Many of those who commented cautioned that sensitivity towards parents is very important. “I find that if I ask the parent, without sounding accusatory, then it is well received and the parent feels free to open up about what could possibly be going on ay home….I’ve found that broaching the subject with a positive spin (‘Kate is usually such a happy girl, but today she seems a little off Is everything OK?’) most of the time will open the door for a parent to let you know” (Angela King, CEPC at YMCA of Greater Charlotte).
“As always, building a positive relationship with parents is key before approaching potentially difficult topics. Only then do I feel comfortable talking about bedtime routines….I can tell them their child seemed tired, but unless we have that relationship, parents may become defensive….” (Andre Howard, Mentor Teacher/Preschool at University of Rhode Island).
To add to this, “As a teacher it is important not to go accusing but to keep the door open to communicate….There is not one answer to the problem of being a parent, it is so difficult, so the teacher has to speak about the child’s bedtime but also know that most parents try to do their best….Communicate…” (Francoise Walter, Enseignante chez Education Nationale).
And finally, “As an educator and parent, I say first and foremost TREAD lightly…Educate and inform in a non-threatening manner is best…” (Annett Simmons, M.Ed, Academic Consultant Interventional Educator Trainer Neuroscience in the Classroom).
The Importance of Sufficient Sleep and Regular Sleep Routines
Regarding the importance of sleep and sleep routines, there were several interesting comments. “When I work with children who are brought to me for behavior problems I always begin with asking about sleep” (Amber R. Martinez, BA, CD[ICTC], MS).
“Bedtime has a special routine that is consistent night after night. If done constantly babies just naturally learn bedtime and rarely experience problems” (Wanda Wallace, Newborn Care Specialist). And to sum it up, “I always emphasize to parents the importance of a routine before bed so the child gets used to when it’s time for bed….” (Cheryl Reed, Ofsted Registered Childminder at Helping Hands Childminding, Ruislep).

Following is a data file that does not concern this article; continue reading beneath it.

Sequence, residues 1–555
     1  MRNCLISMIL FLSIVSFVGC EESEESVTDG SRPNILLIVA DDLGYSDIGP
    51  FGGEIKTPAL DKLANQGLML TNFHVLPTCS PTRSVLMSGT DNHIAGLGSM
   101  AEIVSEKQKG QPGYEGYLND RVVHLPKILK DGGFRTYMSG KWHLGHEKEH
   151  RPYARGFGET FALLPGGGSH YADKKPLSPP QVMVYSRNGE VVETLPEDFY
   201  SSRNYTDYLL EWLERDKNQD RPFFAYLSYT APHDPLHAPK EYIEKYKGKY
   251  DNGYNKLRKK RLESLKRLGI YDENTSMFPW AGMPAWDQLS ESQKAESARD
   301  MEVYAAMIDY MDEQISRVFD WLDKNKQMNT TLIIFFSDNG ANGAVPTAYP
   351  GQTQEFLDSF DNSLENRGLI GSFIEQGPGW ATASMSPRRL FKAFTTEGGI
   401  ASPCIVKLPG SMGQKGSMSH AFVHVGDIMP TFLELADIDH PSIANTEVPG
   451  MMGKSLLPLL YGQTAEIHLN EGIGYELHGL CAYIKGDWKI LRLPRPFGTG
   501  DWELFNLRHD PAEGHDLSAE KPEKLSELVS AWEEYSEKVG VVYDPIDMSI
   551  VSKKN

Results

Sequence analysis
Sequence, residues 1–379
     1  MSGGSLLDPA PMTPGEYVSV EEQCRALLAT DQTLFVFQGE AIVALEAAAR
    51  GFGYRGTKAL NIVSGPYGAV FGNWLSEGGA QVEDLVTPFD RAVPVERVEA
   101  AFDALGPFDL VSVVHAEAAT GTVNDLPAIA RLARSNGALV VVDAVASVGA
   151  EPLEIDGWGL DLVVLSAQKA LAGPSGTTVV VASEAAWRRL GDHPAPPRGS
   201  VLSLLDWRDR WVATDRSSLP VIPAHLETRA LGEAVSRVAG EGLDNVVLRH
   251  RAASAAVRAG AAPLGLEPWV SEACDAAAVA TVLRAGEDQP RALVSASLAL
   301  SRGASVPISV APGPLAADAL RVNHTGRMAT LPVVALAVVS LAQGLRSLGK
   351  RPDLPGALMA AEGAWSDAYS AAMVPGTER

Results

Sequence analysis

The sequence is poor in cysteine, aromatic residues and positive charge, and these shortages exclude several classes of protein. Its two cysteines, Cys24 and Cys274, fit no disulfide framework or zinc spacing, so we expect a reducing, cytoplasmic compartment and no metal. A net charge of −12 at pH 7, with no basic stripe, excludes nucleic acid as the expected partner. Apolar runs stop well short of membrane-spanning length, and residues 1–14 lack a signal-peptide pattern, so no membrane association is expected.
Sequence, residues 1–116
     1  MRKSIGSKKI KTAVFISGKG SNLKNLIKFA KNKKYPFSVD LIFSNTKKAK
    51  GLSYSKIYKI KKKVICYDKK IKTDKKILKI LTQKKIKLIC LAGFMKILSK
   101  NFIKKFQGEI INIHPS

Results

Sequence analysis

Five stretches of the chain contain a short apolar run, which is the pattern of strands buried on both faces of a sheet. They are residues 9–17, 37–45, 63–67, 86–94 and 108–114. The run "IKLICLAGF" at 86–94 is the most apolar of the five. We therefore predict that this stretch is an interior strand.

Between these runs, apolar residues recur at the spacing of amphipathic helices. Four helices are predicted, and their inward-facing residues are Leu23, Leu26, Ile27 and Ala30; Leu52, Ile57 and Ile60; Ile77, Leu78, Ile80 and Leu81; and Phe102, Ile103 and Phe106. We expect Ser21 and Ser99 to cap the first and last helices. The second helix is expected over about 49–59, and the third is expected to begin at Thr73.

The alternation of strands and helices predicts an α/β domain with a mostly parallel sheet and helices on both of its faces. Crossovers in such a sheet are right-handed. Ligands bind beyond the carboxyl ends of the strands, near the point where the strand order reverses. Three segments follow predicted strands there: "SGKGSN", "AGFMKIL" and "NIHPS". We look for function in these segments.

Special Difficulties of Working Parents
The particular needs of working parents were pointed out in several of the comments. “Acknowledging and supporting the reality of working parents can go a long way toward building positive relationships and opening up conversations about compromise and solutions” (Andre Howard).
Add to this “the chaos of modern life [which] makes it a challenge to be really consistent with naps and bedtimes. Especially for low-income families, where parents are probably working jobs with shifts that change every week, they need understanding and compassion and encouragement to be consistent with bedtimes. I think we often make the assumption that parents are permissive when they are in fact overwhelmed” (Alice Hale, Early Childhood Education Professional).
One of the comments I received effectively provides a conclusion: “In my family childcare, an important part of our job is about providing timely/current and scientifically correct information to parents to support their efforts in raising their children. I discuss what family routines and expectations around sleep are. I pass along resources and make suggestions based on experiences achieved over 25 years working with children and families” (Deborah Arcaro, M.Ed, Teacher ECE/Owner Country Fun Child Care).
To all of you who joined in the discussion about this topic in response to my blog article, thanks a heap. I always look forward to hearing your ideas.
Photo credit: Vee-vee / Foter / Creative Commons Attribution-NoDerivs 2.0 Generic (CC BY-ND 2.0)